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    Nice work. I picked up one of the Princess Auto hoists last fall to pull my engine to replace the clutch. I looked online for a while, and it appeared all cheap (including the PA brand) hoists were identical, just painted different colours. I agree the arm could be longer, but I was able to pull the TD42 engine without having to take the grill off. I didnt have any problems with the hydraulic lift, so maybe yours is defective. All n' all for the price you really cant beat it.

    Re cleaning
    I cleaned mine using an engine degreaser, letting it soak, then using a water sprayer like this filled with hot water and dish soap. Mine is slightly different but same idea. It definitely cleaned it, after multiple passes. If I were to do it again, I would buy a small steamer like this, combined with degreaser.
     
  14. pitty

    pitty likes the tuna here

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    Do you have the 1-ton?

    I started scrubbing it with dish soap and a plastic brush, and it worked fairly well albeit high effort. Engine degreaser didn't do much because the oil leaks aren't fresh and there are years of caked up dirt which doesn't dislodge without heavy scraping. Just ordered that tiny steamer too, lots of things to use that on. Thanks for the hint!
     
  15. Murrdawg02

    Murrdawg02 Danger to the manifold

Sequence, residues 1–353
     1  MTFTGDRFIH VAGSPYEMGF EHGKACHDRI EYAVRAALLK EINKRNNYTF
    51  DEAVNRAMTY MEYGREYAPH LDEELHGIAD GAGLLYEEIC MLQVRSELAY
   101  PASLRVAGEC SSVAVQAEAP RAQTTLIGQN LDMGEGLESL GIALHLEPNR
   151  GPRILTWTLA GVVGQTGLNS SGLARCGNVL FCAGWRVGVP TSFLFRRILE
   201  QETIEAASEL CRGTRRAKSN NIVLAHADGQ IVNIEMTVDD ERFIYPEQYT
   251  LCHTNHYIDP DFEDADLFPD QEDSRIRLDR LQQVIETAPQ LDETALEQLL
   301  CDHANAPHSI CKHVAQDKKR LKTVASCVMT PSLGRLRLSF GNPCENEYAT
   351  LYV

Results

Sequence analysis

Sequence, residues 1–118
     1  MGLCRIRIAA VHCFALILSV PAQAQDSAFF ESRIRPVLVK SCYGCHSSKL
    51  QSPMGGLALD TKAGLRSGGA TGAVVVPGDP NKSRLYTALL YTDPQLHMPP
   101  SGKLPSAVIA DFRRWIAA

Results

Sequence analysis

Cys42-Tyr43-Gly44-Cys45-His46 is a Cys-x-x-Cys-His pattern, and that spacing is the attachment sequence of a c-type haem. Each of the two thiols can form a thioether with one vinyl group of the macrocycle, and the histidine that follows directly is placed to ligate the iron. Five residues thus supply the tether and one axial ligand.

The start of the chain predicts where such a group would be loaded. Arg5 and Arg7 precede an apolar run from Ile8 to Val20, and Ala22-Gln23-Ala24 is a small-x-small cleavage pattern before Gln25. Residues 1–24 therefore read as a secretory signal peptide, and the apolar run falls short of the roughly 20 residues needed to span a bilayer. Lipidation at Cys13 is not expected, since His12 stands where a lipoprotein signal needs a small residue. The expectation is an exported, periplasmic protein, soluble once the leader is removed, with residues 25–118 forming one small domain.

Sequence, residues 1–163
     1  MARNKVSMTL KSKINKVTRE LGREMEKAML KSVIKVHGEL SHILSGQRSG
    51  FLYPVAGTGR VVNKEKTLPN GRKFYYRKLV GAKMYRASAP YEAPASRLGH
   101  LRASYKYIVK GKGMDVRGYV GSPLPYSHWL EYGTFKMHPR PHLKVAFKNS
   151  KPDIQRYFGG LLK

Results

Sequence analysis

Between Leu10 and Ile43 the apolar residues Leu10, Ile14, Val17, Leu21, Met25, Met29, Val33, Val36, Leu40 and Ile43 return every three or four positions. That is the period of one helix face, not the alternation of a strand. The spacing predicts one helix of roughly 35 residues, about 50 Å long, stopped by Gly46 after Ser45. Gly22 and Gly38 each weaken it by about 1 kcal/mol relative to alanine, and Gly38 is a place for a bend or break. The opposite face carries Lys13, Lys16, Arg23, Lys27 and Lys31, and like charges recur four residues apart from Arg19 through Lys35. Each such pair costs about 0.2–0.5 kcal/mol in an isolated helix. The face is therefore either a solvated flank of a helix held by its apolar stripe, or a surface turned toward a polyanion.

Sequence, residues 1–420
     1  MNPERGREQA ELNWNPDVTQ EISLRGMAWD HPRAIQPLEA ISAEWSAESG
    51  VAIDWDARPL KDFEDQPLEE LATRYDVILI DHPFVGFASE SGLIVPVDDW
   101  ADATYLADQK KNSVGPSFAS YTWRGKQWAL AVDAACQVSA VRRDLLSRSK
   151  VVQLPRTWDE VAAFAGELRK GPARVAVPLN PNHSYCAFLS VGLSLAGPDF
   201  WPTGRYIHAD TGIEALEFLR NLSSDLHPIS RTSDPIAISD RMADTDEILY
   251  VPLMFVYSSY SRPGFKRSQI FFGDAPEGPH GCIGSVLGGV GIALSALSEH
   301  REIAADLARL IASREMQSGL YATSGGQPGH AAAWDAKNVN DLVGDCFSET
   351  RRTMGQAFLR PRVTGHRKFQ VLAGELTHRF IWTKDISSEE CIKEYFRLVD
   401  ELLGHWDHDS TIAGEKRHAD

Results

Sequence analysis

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    Oh I think I have the 2 ton. My engine is a bit of a beast so I couldnt fully extend it. But I can see how the 1 ton would probably not be ideal.

    Yea I wasnt overwhelmed with the degreaser because as you said, I think it works better on less caked on applications, but it slowly got through it. Yea Im thinking about ordering one of those steamers, I am not sure how much pressure it will push out-but like you said there is alot of things to use it on!
     
  16. pitty

    pitty likes the tuna here

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    Heh, yeah. I asked because the 1 ton is much smaller than the 2 ton. The pivot wouldn't reach far over your truck's hood line. :) I went with it because space is an issue in my cave, but had an Oh Shit moment once I assembled it. It sort of worked, and would work again if I don't buy any adult sized cars.
     
  17. IanB

    IanB New Member

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    Definitely interested in your thoughts on the steamer when it shows up, if it works I'd grab one for myself.

    Nice progress on the project!
     
  18. pitty

    pitty likes the tuna here